Mr Otis is clearly forceful and direct. He openly speaks his mind as illustrated when he speaks to Lord Canterbury about the ghost. He tells the lord that if such a thing existed, it would be used in a roadshow or put on display in a museum. This further indicates that he is not at all superstitious and is a realist, one who deals with things as they are and does not believe in fantasy or any such mumbo-jumbo. He is entirely matter-of-fact with regard to whatever he is told. This aspect is displayed in the manner in which he responds to Mrs Umney's fainting, suggesting that she should be penalized financially for breakages in service if she should repeatedly faint.
Mr Otis comes across as very patriotic. He is also loyal to his party as he is described as a 'true republican.' As a minister, it is obvious that he should display these qualities, but he took it a step further by naming his oldest son Washington. The mocking reference to the twins as 'The Stars and Stripes,' also alludes to the to the American flag.
Mr Otis evidently is a fearless man. This is most pertinently illustrated in his many confrontations with the ghost. In his first encounter with the supernatural entity, for example, he does not panic or become afraid. He, instead, treats the phantom as he would any ordinary person. He, furthermore, dispenses advice and suggests that the spirit oil its chains since they make so much noise. This also shows that he is a practical man who would readily seek solutions to problems.
Another character trait the minister exhibits is the fact that he is prepared to admit that he is wrong and is willing to change his mind. This becomes evident when he changes his opinion about the ghost and accepts its existence. The manner in which he deals with it also emphasizes his practical, hands-on nature - he suggests later, for example, that they would have to remove the ghost's chains from him if he refuses to use the oil he had been offered to lessen the noise they made.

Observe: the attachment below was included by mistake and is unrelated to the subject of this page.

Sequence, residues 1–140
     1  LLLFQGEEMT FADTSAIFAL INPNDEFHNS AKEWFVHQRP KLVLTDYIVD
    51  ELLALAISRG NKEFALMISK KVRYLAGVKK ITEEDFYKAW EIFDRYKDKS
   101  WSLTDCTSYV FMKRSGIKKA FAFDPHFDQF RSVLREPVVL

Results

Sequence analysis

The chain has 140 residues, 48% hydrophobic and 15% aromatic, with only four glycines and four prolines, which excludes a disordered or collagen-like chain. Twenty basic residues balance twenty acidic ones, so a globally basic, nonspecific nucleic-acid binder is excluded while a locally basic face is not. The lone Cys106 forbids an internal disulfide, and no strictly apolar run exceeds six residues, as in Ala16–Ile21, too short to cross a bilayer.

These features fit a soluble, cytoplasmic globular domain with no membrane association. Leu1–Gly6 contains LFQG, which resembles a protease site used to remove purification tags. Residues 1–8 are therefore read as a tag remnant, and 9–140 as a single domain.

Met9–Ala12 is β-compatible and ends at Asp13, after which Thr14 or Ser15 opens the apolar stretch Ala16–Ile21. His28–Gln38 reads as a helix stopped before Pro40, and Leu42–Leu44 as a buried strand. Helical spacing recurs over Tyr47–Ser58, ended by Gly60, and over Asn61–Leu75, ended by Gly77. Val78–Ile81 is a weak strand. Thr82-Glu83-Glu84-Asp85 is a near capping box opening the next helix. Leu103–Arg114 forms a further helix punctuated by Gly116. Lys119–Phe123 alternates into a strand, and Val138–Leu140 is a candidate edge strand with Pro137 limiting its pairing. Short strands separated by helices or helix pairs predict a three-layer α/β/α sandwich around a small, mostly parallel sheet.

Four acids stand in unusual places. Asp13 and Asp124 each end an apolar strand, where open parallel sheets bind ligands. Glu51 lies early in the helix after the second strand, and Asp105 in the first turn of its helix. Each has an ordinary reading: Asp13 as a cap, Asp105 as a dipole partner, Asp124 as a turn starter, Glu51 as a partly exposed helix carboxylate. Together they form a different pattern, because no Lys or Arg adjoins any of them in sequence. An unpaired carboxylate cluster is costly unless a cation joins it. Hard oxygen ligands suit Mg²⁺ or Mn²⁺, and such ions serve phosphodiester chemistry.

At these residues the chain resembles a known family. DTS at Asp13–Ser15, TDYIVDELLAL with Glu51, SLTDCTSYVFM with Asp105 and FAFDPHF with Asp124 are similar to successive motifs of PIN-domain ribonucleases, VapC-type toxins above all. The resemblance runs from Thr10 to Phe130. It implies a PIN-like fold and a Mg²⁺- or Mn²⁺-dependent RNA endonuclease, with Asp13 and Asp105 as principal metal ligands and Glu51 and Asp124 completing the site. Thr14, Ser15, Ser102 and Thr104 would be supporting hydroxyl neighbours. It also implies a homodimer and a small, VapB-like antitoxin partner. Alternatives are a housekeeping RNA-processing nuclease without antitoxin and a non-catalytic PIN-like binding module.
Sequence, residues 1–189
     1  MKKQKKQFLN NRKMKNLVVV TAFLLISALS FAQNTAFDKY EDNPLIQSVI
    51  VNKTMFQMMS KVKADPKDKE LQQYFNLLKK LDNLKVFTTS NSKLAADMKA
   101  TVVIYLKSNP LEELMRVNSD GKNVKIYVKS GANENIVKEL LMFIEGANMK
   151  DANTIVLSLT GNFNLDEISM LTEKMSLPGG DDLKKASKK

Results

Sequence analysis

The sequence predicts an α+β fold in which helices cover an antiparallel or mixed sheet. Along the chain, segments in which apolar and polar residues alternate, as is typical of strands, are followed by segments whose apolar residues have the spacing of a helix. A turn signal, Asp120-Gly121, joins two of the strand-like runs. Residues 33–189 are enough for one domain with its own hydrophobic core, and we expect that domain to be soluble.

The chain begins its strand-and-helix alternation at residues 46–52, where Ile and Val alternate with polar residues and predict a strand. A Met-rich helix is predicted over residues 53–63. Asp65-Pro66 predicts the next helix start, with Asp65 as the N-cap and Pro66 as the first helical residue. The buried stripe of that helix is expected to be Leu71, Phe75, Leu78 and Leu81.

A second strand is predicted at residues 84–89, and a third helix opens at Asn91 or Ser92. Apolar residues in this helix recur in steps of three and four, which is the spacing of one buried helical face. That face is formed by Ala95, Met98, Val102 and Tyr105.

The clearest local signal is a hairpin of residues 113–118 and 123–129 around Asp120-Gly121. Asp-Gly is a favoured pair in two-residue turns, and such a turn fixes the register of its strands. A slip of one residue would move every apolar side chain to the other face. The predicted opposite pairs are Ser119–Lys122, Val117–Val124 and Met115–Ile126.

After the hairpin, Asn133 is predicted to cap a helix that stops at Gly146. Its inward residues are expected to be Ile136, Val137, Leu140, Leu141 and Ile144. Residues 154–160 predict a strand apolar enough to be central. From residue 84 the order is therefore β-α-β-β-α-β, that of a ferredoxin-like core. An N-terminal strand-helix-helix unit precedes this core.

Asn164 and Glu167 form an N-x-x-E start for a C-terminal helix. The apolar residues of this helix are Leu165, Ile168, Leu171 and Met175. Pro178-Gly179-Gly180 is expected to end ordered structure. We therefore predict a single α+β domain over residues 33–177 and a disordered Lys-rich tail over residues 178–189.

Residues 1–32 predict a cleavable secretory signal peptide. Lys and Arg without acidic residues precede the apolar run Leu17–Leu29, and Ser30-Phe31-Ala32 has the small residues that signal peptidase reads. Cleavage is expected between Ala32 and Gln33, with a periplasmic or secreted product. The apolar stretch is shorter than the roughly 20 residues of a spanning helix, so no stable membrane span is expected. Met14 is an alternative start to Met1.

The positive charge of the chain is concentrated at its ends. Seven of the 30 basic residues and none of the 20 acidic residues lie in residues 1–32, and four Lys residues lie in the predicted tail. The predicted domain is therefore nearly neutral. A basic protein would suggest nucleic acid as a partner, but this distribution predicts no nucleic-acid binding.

The text also identifies Mr Otis as studious and open-minded. He has been preparing a 'great work' on the history of the Democratic Party, even though he is also called a 'true republican.' It is also apparent that he cares much for his family for, when Virginia disappeared, he did everything he possibly could to find her and, in the process also took care of his wife. The minister is also, obviously, not a materialistic person. When they found precious jewels which the ghost had given Virginia, he insisted that Lord Canterville should take possession of them and was quite distraught when the lord refused. He eventually acceded to Canterville's request that Virginia should be the owner.
Finally, it is evident that the minister is a down-to-earth man. He does not, throughout the story, claim any privileges by virtue of his title and seems to have a reasonably neutral opinion of the gentry. He shows and speaks about them as he would of any other, but does seem to be somewhat dismissive of the pomposity that is a characteristic of this class, as he informs Lord Canterville in their discussion about the jewels:
I feel sure that you will recognize how impossible it would be for me to allow them to remain in the possession of any member of my family; and, indeed, all such vain gauds and toys, however suitable or necessary to the dignity of the British aristocracy, would be completely out of place among those who have been brought up on the severe, and I believe immortal, principles of Republican simplicity.
This is further confirmed in a later statement:
Mr. Otis was extremely fond of the young Duke personally, but, theoretically, he objected to titles, and, to use his own words, "was not without apprehension lest, amid the enervating influences of a pleasure-loving aristocracy, the true principles of Republican simplicity should be forgotten."